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I'm developing a PHP script that analyzes the web traffic of my clients websites. By placing a link to a javascript on the clients website (think of Google Analyses), my script harvests information like: the visitors IP address, reference link, current page link, user agent, etc. Now my clients can view these statistics via a control panel that I have build. These clients can also adjust profile settings, set firewall rules, create support tickets and pay invoices.

Currently all the the traffic is stored in one table. You can imagine that this tabel would become very large as some my clients receive thousands of pageviews per day. Furthermore, all the traffic data of each client would be stored in the same table, creating a mess. This is the same for the firewall rules currently, and the invoice and support system. I'm looking for way to structure my database in a more organized way to hold large amounts of data of multiple users.

This is the first project that I'm developing that deals with so much data, and would like to hear suggestions and tips. I was thinking of using multiple databases to structure the data. The main database will store users data (email,pass,id,etc) admin/website settings. Than each client will have an unique database labeled prefix_userid, which carry tables holding their traffic, invoice, and support ticket data.

Would this be a solution, and would it slow down or speed up overall performances (that is spreading the data over muliple databases). I have a solid VPS, but would like to safe and be as effient as possible.

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Sounds like you need a schema for each client.

i.e. you have the same set of tables you presently have but defined once per client.

Your client would only access the table belonging to their schema.

While this may make it easier to organize and track each client I doubt there would be much difference in performance. Writing 1GB to 20 tables vs. writing 20GB to 1 table is pretty much the same thing as far as the file system and hardware are concerned.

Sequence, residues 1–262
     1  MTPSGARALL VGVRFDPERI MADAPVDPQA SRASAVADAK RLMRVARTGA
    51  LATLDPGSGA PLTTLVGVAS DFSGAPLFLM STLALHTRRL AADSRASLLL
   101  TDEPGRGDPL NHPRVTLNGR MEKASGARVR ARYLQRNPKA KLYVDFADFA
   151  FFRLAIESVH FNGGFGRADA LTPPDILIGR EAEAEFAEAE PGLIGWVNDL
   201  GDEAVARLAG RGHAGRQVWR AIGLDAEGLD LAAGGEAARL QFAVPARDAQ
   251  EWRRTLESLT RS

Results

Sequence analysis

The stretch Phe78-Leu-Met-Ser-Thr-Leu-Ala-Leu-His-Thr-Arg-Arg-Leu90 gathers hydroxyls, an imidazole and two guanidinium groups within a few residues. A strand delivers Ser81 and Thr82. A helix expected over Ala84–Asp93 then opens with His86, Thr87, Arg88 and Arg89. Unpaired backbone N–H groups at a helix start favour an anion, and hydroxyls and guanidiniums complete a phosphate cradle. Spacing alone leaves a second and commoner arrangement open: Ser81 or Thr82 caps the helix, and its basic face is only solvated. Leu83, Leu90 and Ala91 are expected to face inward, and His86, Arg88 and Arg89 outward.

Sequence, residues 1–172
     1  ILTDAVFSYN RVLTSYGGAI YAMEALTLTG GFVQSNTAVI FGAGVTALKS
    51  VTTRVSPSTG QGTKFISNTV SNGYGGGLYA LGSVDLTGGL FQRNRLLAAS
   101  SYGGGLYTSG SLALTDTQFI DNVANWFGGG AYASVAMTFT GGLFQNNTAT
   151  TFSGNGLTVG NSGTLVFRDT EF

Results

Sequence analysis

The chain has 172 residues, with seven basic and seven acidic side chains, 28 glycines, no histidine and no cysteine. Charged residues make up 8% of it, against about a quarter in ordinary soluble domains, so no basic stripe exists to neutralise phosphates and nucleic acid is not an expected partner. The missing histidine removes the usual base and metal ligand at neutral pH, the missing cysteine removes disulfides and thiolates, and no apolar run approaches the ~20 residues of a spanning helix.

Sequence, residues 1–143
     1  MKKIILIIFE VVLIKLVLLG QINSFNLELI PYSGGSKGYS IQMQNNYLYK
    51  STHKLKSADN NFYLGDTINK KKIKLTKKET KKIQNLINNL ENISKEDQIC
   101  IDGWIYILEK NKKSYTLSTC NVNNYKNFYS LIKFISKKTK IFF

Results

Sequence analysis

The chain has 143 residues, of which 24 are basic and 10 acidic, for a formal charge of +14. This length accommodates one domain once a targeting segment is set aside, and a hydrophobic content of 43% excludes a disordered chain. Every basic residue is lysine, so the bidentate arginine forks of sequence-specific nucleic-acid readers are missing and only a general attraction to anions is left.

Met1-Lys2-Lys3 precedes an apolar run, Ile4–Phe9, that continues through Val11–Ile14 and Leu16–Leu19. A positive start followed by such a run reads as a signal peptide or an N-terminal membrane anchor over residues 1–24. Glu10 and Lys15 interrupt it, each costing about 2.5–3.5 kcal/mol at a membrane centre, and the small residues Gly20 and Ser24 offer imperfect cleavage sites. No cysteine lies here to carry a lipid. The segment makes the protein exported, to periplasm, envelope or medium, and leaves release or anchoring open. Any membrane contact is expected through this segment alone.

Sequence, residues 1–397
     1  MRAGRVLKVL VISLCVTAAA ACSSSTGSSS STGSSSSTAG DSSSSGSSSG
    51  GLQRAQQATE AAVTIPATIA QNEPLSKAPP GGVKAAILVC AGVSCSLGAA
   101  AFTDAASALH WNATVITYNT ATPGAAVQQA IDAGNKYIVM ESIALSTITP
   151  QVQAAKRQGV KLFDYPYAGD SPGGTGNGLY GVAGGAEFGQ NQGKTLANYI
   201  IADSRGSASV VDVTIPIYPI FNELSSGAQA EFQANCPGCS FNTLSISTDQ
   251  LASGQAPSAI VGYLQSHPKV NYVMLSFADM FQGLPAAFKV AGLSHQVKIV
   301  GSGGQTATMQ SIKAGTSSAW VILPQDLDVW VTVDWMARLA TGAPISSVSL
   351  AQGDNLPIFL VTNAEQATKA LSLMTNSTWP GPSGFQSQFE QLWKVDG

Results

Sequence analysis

• Sounds like he wants a schema for each client, but that it isn't necessary or really even advisable. And +1 for the last paragraph. – Ross Patterson Nov 1 '13 at 10:41
  • @RossPatterson why wouldn't that be advisable? – Bob Jansen Nov 1 '13 at 15:52
  • @BobJansen As JamesAnderson has said, it is unlikely that the database will perform differently, and the schema management will prove to be nightmarish. You'd be far better off to put all the traffic data in one table, with a customerId column to allow you to isolate customers from each other. When you get large enough that you want to shard the database, you do it by customerId and add a routing database with the mapping from customerId to shard. It works really well. – Ross Patterson Nov 1 '13 at 20:17
  • @Ross Patterson Sounds good. I will keep it than as it is for now, and will look into sharding in the future. Thank you. – Bob Jansen Nov 2 '13 at 21:26
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I think you should separate some things since you are talking about different applications (stats/firewalls/transactions) which you just by accident show in the same interface. It is not needed to implement back-end in the same way.

Likely the parts: invoices, firewall etc. will not have a huge load as I estimate based on your question.

Statistics surely do, and they need to be processed fast initially because they can slow down websites.

Now because you can separate stats out of the normal database you can think of the stats as a separate thing. Most statistics don't need a relational database (though it can work perfectly fine). You don't need transactions, locking etc. So select a storage method which fits, could be a flat mysql, mongodb, etc.

Also rethink: Why would you do this yourself, couldn't you use for example Google Analytics or Piwik and use their API to show the same results to the customer?

Building reports from it is something you can do later so don't try to do smart things when logging the view. Just keep that part simple. Then you will have the best chance of a fast response.

So don't see everything as the same, see each application separately and work up to the best solution for that issue.

About you idea of sharding (database per client) see:

http://highscalability.com/blog/2009/8/6/an-unorthodox-approach-to-database-design-the-coming-of-the.html

It's a lot of work to get it right so be sure you need it.

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